a spyware application for Apple's new slate computer, the iPad. With this software installed, users can secretly track activity including emails sent and received, web sites visited and contacts added to the iPad's address book. The information is surreptitiously recorded to a log file which is then uploaded to the Web whenever the iPad has an Internet connection. Afterwards, the user doing the spying can review the data from any computer connected to the Web, with no further need to gain physical access the iPad.A surveillance firm is now selling
Before going any further, it's important to make one thing clear: this application is not found in Apple's iTunes App Store nor can it be installed on iPads that have not been jailbroken.
Jailbreaking, the act of hacking the iPad to run unapproved third-party applications, is not something the majority of iPad owners will do. However, power users often jailbreak their Apple mobile devices, a lineup which includes iPads, iPhones and iPod Touches, because doing so allows for more features and functionality. For example, on a jailbroken iPhone, you can turn your device into a Wi-Fi hotspot. You can also enable multitasking by allowing applications to run in the background and you can completely customize the look-and-feel of the device from battery indicators to icons.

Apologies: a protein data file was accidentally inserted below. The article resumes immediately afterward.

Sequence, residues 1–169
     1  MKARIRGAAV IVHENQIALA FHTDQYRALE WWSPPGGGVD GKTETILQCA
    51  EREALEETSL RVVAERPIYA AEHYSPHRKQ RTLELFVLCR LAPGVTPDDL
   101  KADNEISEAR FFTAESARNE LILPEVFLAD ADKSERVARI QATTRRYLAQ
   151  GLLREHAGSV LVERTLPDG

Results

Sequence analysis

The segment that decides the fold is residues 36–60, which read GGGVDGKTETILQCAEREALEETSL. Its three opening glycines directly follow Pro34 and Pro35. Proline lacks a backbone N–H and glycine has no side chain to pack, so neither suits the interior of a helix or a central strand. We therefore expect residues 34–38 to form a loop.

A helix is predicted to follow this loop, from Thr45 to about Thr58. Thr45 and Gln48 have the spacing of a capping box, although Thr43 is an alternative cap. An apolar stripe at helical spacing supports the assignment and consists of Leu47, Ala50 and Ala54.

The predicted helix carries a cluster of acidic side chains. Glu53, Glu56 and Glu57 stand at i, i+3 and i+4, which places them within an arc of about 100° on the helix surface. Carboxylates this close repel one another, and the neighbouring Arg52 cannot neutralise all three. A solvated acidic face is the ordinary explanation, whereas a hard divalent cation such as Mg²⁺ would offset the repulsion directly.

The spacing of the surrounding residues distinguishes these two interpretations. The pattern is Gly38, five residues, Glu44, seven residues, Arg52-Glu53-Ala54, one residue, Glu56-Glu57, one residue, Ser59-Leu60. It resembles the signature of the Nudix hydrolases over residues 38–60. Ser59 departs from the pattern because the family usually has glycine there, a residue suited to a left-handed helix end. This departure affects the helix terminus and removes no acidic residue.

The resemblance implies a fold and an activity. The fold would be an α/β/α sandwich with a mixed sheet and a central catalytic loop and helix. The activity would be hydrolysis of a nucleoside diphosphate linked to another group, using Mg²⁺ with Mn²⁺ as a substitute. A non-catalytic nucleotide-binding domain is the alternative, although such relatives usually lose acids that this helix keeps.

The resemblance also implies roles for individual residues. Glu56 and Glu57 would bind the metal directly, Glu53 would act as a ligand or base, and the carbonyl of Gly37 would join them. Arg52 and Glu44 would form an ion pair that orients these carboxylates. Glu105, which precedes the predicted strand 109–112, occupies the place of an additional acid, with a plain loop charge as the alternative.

The latest software for jailbreaking the iPhone and iPad is also incredibly easy to use - perhaps the easiest to have ever been released thus far. Within minutes, the process is complete and you have full control over your device.
Mobile Spy: Kids, Employees, Spouses be Warned!
With the new spyware software, dubbed "Mobile Spy," users can track the activities of anyone who owns an iPad once the app is installed on the device where it runs in stealth mode. Although the nature of this software makes its legality sound questionable, the vendor gets around this issue by explaining that it's ideal for tracking a child's Internet behavior, just like the numerous applications for Mac and PC that do the same. (Children, it seems, don't have the right to not be spied on by their parents.)
But software like this won't just be used as a parental control mechanism, says security researcher Graham Cluley, it will likely be used for more nefarious reasons too, like checking to see if a spouse is cheating or perhaps even criminal purposes.
However, at a price point of $99.97 per year, only the most serious of stalkers will likely install it on victims' devices. For everyone else, there's still the old-fashioned method of snooping - checking the web browser's history or simply reading through someone else's email.